BMA threatens legal action over 'astronomical' GP service charge hikes

BMA leaders have threatened legal action over 'astronomical' service charges that have left GP practices in NHS-owned premises facing debts of almost £180m.

GPC chair Dr Richard Vautrey (Photo: BMA)
GPC chair Dr Richard Vautrey (Photo: BMA)

The threat of legal action came as the National Audit Office (NAO) published a report into NHS Property Services (NHSPS) - the government-owned company set up in April 2013 to run NHS estates.

The report suggests that around 1,250 GP practices in England are in premises owned by NHSPS - and that these tenants owe a combined £173m in 'outstanding debts'. It calls for tougher powers for NHSPS to force tenants including GPs to pay charges and sign lease agreements - warning that 'too many NHS organisations and GPs seem to regard paying for their premises as optional'.

However, BMA leaders accused NHSPS of 'acting unlawfully', warning that practices have faced unjustifiable hikes in service charges, in some cases for non-existent services or for services practices had already paid their local council for, without agreement.

Service charges

The BMA said one practice was charged for a lift that did not exist, and others have warned that charges are levied with no clear breakdown of what they are for. The BMA says it has 'repeatedly' asked for clarification on service charges demanded from practices in NHS-owned premises, and has now threatened legal action if its questions are not answered urgently.

GPs have previously warned that steep rises in fees had left some practices on the brink of going out of business - and the BMA has repeated that many practices fear they simply cannot afford the increased costs.

BMA GP committee chair Dr Richard Vautrey will tell the association's annual representative meeting (ARM) on Wednesday that: 'For years now some practices have faced astronomical rises in service charges, some seeing theirs more than double, often for services they have not asked for and do not receive.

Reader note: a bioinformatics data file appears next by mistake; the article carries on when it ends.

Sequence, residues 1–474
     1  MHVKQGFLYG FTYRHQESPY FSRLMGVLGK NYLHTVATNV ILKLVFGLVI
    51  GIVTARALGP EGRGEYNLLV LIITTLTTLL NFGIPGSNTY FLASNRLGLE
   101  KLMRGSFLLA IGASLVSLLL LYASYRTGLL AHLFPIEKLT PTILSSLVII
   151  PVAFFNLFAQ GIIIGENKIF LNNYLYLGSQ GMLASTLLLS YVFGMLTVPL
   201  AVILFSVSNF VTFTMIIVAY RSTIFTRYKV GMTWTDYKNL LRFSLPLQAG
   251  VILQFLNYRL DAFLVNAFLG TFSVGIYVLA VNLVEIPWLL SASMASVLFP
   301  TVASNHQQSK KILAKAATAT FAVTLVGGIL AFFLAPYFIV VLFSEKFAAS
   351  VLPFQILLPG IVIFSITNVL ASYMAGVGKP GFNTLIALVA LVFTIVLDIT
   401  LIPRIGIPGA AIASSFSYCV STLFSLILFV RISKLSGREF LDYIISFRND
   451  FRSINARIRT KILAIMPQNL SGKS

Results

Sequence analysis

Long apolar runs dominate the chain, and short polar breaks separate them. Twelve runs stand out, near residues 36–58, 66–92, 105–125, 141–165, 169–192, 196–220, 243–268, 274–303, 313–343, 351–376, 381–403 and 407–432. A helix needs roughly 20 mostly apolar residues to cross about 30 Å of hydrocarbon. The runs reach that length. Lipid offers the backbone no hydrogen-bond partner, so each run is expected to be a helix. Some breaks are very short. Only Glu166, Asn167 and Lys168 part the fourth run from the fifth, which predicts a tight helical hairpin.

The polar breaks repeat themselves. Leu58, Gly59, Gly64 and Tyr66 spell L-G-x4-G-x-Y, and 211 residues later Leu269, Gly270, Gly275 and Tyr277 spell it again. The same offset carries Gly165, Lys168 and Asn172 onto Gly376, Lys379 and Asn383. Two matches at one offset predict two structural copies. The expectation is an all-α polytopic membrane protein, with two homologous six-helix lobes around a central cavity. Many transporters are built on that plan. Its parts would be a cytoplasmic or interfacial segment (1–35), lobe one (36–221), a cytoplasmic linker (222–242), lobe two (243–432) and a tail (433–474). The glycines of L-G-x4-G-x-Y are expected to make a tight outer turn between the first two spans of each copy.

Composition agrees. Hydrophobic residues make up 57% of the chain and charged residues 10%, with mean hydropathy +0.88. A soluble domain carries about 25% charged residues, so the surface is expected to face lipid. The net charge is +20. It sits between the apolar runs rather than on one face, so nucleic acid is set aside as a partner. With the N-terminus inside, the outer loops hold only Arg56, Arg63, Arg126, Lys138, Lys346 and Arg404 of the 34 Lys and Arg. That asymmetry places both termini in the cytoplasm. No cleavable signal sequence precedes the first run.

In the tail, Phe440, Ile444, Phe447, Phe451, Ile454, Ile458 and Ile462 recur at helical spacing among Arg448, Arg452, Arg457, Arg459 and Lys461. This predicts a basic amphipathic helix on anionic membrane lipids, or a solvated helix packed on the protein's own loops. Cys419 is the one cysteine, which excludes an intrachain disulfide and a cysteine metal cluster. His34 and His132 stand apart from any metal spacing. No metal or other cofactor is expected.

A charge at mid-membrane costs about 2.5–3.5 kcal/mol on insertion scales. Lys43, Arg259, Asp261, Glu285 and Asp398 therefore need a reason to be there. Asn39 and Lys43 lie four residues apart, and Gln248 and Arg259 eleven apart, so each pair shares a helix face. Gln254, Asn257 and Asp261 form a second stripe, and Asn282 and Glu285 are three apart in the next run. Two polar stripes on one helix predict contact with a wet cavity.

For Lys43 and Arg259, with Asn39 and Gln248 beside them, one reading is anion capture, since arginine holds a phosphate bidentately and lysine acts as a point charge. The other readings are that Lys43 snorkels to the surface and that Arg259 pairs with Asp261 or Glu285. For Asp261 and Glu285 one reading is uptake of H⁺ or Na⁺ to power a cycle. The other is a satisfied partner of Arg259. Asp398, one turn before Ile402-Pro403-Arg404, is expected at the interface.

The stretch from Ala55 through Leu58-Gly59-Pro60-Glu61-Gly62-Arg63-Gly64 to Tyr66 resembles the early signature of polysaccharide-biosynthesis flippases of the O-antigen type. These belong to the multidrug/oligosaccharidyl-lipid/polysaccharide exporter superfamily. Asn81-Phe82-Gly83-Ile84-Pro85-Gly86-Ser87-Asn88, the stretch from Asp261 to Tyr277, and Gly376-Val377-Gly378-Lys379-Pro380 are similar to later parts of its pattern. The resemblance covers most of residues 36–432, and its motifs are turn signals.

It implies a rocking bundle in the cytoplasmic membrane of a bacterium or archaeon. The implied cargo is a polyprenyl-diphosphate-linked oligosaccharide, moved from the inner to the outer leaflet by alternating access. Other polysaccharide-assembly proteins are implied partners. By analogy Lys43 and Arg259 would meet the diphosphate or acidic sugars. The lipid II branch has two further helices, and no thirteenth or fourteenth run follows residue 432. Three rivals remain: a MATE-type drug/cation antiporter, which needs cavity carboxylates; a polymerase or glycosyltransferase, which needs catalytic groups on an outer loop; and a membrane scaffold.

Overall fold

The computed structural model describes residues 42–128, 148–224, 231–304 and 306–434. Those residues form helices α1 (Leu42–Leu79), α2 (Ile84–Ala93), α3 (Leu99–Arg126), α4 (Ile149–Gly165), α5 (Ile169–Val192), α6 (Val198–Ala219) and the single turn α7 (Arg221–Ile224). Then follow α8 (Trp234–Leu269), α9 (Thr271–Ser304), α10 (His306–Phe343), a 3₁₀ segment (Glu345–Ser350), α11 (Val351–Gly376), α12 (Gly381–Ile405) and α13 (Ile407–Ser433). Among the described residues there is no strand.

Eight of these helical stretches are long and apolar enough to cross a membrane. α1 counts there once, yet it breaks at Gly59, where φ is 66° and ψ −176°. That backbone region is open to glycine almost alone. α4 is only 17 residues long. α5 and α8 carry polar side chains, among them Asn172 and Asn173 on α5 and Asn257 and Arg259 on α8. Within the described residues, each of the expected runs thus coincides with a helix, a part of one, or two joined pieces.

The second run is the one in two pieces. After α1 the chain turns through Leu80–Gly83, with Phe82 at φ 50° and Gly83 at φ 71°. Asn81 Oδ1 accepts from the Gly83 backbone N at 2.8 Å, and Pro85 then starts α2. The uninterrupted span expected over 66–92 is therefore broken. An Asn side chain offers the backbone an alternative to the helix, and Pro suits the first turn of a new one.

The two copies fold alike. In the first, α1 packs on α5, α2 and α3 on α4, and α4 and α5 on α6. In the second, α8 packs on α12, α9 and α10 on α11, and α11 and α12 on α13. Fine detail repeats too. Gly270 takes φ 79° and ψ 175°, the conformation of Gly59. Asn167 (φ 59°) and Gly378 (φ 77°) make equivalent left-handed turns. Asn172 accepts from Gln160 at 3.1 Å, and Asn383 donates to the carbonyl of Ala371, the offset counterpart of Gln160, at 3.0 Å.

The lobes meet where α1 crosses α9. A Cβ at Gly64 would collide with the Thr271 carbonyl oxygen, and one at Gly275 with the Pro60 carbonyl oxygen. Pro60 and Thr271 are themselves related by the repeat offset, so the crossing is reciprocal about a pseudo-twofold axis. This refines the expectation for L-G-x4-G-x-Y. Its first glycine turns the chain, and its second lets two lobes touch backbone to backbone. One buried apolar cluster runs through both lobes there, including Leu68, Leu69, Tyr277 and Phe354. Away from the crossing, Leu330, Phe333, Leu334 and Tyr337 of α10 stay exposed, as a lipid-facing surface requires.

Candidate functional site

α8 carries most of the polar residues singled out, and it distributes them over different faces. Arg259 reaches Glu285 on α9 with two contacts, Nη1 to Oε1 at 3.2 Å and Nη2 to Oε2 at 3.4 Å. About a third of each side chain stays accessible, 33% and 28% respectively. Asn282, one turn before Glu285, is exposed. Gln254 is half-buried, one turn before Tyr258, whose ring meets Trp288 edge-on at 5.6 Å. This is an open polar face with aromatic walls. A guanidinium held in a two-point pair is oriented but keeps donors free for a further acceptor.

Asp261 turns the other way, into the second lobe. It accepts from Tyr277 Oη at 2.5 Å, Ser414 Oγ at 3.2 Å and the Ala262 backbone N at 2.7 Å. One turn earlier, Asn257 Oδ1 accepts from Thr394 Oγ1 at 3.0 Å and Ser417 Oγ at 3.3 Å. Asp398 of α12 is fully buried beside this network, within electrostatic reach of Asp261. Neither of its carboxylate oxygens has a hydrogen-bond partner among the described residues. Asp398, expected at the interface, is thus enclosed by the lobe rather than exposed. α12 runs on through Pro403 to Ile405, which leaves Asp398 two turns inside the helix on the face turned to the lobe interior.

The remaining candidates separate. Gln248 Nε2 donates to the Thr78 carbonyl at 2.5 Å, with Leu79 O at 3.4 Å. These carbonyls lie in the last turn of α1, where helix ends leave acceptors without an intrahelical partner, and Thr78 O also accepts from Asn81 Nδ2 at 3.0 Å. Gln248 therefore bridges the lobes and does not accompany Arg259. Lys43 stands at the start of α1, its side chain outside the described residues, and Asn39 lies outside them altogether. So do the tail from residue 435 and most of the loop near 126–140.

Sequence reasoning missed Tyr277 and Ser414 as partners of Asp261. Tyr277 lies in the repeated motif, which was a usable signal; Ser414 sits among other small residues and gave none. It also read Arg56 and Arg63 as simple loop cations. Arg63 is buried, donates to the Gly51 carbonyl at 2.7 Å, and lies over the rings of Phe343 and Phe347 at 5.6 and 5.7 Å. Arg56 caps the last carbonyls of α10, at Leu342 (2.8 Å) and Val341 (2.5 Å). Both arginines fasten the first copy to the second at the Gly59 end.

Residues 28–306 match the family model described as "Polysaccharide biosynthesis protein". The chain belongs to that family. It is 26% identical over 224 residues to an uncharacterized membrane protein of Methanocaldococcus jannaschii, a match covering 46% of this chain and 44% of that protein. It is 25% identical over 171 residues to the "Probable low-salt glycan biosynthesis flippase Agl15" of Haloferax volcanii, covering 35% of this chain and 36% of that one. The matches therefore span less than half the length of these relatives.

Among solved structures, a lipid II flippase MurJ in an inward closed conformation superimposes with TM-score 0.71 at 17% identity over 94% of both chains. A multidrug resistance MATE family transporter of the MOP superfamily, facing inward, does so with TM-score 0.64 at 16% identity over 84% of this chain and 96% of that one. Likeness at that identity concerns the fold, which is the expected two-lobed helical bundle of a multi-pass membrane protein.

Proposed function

'This is unacceptable and cannot be allowed to continue. And so I can tell you today that the BMA has sent a letter of claim to NHS Property Services and if they do not give us an acceptable response we intend to take them to court, and we intend to win.'

Responding to the NAO report, Dr Vautrey added: 'Problems with practice premises and the financial pressures that go alongside owning or leasing surgery buildings are constant frustrations for hardworking GPs, and have an important negative impact on GP recruitment and retention.

Practices at risk

'In recent years, GPs leasing buildings from NHS Property Services have seen their service and maintenance fees rise astronomically with no agreement and no proper explanation. It is only right then, that GPs do not pay these fees that could risk the very future of their practices and the ability to provide care for patients.'

The GPC chair said it was 'simply not the case' that GPs saw paying for premises as optional as the NAO report claimed. He said: 'Practices want to pay a fair and appropriate rent but this needs to be reimbursed by CCGs.

'A lack of funding in recent years means commissioners cannot keep up with sky-rocketing commercial rents demanded by NHSPS, and they’ve simply passed the problem and the cost to family doctors. This is unacceptable at a time when practices are already under huge financial strain.'

An NHSPS spokesperson said the organisation was working with the BMA and that a recent review of specific cases had concluded its charges were 'broadly correct' - and that a meeting had been set up with the BMA and NHS England to 'discuss the underlying central issue of affordability'.

NHSPS chair Ian Ellis said the report showed how NHSPS has 'used its property expertise to invest £447m upgrading, maintaining and developing new NHS facilities, and in addition selling 410 surplus properties and raising £347m by March 2019'. He added: 'All capital receipts are reinvested into the NHS estate and land and building release has enabled the development of 5,931 new homes to date.'

He highlighted comments in the NAO report on 'legacy issues' inherited by NHSPS, including 'the widespread absence of formal rental and service agreements'.

Mr Ellis said: 'NHSPS, as a responsible property owner and service provider, is committed to working constructively with the DHSC, NHS England and other NHS partners, to support the recommendations of the NAO investigation, including to develop a joint plan to ensure all tenants will agree tenancy details and charges by 31 March 2020 to create a properly regulated, transparent and optimised estate for the benefit of our customers and their patients, now and in the future.'

The total amount owed to NHSPS by its near 7,000 tenants is £576m, and more than £100m more has been written off, according to the NAO report.

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